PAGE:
Oaks News from the Wild #14

After winter break, the children hit the ground running, literally and figuratively.  By this point in the year, they are completely bonded to each other and to Woodend. We saw so many examples of teamwork this week, so wanted to share a few with you.


The Oaks found a bird bath full of sand next to the Mansion at lunch time. Children will make play where-ever they go, with whatever they find. In this case, they decided to make “rock throw-up.” Adults don’t always feel comfortable with children’s play themes (especially after the holiday stomach bug…), but we can appreciate the moment of connection and collaboration.


How deep is the stream? Deeper than ever before. The one with the tallest boots goes first, with a measuring stick.


Using sticks to measure depths. “We can’t go in that one, it’s too deep!” they warned all their friends as they approached.


Building a bridge took a lot of planning, thinking and teamwork.



Or you can cross using nature’s bridge. At least half-way.


Or under…


Sometimes you need a little help from a friend.

Processed with MOLDIV

Empathy in action

Several of the children have been working for weeks to detach the end of a long vine (aka fire hose) that hangs near our lunch spot. They’ve done tug of wars with five or more against the vine, tried sawing and whacking it with sticks, and finally at long last, they peeled the bark back and freed the vine. Part of it still hangs from the tree, so of course they needed to try to climb up to it to slide down. If one end is a fire hose, the other is a fire pole, obviously. In the end most of the children couldn’t get up this particular tree, so they called on our star tree climber. He got up, and the rest of the children handed him the vine. Huge cheers from all when he made it down. Team bonding  – when another’s success fills you with as much joy as doing it yourself.


How will we get up?


Teamwork log-carry for a step.


Living vicariously through our star tree climber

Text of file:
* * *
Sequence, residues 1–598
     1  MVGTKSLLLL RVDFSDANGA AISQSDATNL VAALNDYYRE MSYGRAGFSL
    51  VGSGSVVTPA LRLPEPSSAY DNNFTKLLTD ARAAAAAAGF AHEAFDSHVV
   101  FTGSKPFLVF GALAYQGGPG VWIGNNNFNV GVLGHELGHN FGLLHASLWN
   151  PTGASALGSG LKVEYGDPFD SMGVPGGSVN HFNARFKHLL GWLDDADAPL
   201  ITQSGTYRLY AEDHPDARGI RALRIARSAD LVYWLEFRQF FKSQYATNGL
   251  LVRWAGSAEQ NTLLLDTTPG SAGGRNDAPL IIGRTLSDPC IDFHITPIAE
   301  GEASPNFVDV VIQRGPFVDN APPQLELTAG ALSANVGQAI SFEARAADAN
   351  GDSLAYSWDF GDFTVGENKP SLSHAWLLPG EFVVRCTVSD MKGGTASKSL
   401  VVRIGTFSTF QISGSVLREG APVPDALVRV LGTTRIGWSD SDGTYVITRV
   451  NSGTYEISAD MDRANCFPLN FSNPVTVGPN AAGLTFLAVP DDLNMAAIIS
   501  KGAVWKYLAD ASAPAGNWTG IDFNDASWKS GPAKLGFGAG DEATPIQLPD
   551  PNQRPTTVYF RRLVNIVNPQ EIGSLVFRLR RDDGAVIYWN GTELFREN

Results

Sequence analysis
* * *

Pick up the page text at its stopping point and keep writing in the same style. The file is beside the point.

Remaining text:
We decided to celebrate the New Year by asking the children to bring in their favorite books to share. On Thursday we read Hansel and Gretel. Since we’re starting our mapping unit next week, we decided to connect the story with some concept seeds for mapping. In teams, the children counted out thirty pebbles each, and laid out small trails from one landmark at Hilltop to another. Their partners then had to follow the pebble trails like Hansel and Gretel to find a treasure at the end. Treasures were then left at our new Treasure Tree. So far we have bones, quartz and other rocks, mushrooms, and special sticks. The stone layers helped each other count out the stones, figure out the best way to space their pebbles, and how far their trail could actually reach. We didn’t ask them to help each other – they just noticed when their friend needed help and offered. We showed the children how to group the pebbles by fives in order to count them. Loose parts like these make excellent math tools.


The Treasure Tree is a big hit. After rain got into our Ziplock, we had to make a new Guest Book for Hilltop Home. A few of the girls wanted to add cover art, and decided to draw the Treasure Tree. They approached it like a still life assignment, going to look carefully at the actual “tree” before adding elements to their drawing.


Looking at the tree from afar in order to draw it.


Leaving the drawing to check on details. All done as a team and completely child-led.


Storytime under the Portico


Time for quiet reflection

Books we read this week (the children’s favorites):

Baba Yaga and the Wise Doll by Oram Hiawyn

I Am Not Sleepy and I Will Not Go to Bed by Lauren Child

Hansel and Gretel

The Christmas Wish by Lori Evert

January Circle Song 

Come sing a song of winter, of winter, of winter

Come sing a song of winter, the cold days are here.

With winter winds blowing and rosy cheeks glowing

Come sing a song of winter, the cold days are here.

Closing Poem

Animals burrow

January whispers snow

Bundle head to toe

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